The pattern can only begin or end with the '\*' wildcard character. To select all urls, enter 'http\*'. To select all xml file paths, enter '\*.xml'. To select all strings containing 'res' enter '\*res\*'. To select the string 'secret', enter 'secret'. The pattern is case insensitive.

Domain Locking

Inserting an encrypted domain lock to your SWF files will significantly decrease the chances of having your application launched offline or on other websites. The application will simply refuse to run if it is copied to a different location than what it has been locked to.

What makes this feature powerful enough to rely on is that the domains, which you have locked the application to, will be encrypted inside the SWF file and will only be decrypted at runtime. This makes finding out what is happening, and changing it, a very time and effort consuming task to a level that recreating the application from scratch is usually easier.

You need to include all the domains you want to allow your SWF files to run at. Use wildcard characters to cover all subdomain such as *.domain.com. Locking to domain.com will also include www.domain.com. To allow users to run the SWF files on their local machines, add "localhost" to the domains list.

You can use either RC4 or AES encryption algorithm. RC4 is light weight and fast, and AES provides the most secure encryption. Increasing the key length will increase security but at the cost of the file size.

Domain locking only works for ActionScript 3 based Flash applications for the Web.

Encrypted Loader

This features will fully encrypt your SWF file, create a loader SWF file using the selected template, and then place your encrypted file inside the loader to be decrypted securely at run-time.

This feature acts as a first line of defense. It protects all resources (images, graphics, sounds ... etc) from decompilers. If you have multiple SWF files, then a loader will be generated for each one of them.

Since your SWF file will be decrypted at runtime, your application cannot start until the file is entirely downloaded and fully decrypted. During that time, you can customize a preloader to be displayed to the users.

The preloaded consists of a background image, a progress bar, and an optional start and link buttons.

If you set a start button, then your application will not run until the user click start. The start button will become visible to the user after downloading and decrypting the original swf file is done. A link button, on the other hand, will open a url when clicked. The link button be visible within the preloader.

If you don't set a start button, your app will start automatically when loading and decryption is done. When you app starts, all the preloaded graphics will fade out and disappear.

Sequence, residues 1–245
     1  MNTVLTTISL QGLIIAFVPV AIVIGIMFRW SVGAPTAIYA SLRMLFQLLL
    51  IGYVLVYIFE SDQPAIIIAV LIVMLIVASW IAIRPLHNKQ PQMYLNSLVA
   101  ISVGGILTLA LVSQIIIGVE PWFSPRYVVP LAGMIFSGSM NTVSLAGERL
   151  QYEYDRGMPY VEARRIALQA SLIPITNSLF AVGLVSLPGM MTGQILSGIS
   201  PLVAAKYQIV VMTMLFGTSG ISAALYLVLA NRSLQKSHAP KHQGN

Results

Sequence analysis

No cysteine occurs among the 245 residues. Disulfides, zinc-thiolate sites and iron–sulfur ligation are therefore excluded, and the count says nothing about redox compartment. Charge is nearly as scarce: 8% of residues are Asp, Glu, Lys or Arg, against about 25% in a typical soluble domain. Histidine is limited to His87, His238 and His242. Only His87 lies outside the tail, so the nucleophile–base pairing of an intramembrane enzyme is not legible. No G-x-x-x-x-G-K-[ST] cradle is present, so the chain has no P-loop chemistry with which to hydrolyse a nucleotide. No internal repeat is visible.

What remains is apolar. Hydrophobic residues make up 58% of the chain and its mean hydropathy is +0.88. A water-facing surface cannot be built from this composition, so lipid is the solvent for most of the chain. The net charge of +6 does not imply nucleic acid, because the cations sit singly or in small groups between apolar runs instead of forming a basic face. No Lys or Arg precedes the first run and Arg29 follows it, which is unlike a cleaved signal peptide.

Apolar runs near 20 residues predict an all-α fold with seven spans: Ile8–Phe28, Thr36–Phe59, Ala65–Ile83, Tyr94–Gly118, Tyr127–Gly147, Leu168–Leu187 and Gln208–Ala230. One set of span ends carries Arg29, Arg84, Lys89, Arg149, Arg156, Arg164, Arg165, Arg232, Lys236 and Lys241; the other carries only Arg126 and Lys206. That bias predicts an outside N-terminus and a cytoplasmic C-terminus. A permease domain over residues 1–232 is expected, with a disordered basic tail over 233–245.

Optimization Tab

Options in this tab enhances performance and reduces file size.

Code Optimization

Features are divided into three groups; bytecode structure optimization, class optimization, instructions optimization.

  • Remove debug data

Completely removes all information related to debugging if present.

  • Replace debug line numbers

If you want to keep useful call stack trace in error messages, you need to keep debug data present. However, if you don't need the line numbers, you can replace them with any integer to save file size.

  • Replace debug file names

It is highly recommended to replace debug file names with any random single character string. The file names are never needed when translating error messages with call stack trace.

  • Merge code linkage

Graphics and other resources are exported (linked) to ActionScript in different places in the SWF file. This option will merge export tags to save file size.

  • Merge code blocks

When bytecode is stored in multiple locations in the SWF file, merging the blocks together will save file size and enhance performance.

  • Sort constant pool

All constants in ActionScript are compiled into one table and then referenced by their index. Sorting the constant pool by putting the most accessed first will reduce file size.

  • Finalize classes

Will mark classes which are not extended by any subclass as final. This will allow the Flash player to better enhance code execution performance.

  • Finalize methods

Will mark methods which are not overridden by any subclass methods as final. This will allow the Flash player to better enhance code execution performance.

  • Staticize methods

Converts methods which do no access any class members to static. Calling static methods is faster than calling methods on objects.

  • Privatize fields

Sets class fields to private if not accessed outside the class. This makes accessing other public fields faster.

  • Privatize methods

Sets class methods to private if not accessed outside the class. This makes accessing other public methods faster.

  • Remove write-only fields

Class fields which are only written to and never read from can safely be deleted to enhance performance and reduce code size and enhance performance.

  • Constants to literal

Converts constant variable into literals when possible. This replaces the code which accesses the constant field by pushing its value as a literal into the operand stack. This highly increases performance.

  • Read-only fields to Constants

Class variable fields which are only read from will be converted to constant fields. This improves performance and works with the previous feature (*Constants to literal*) to further convert the constants to literals.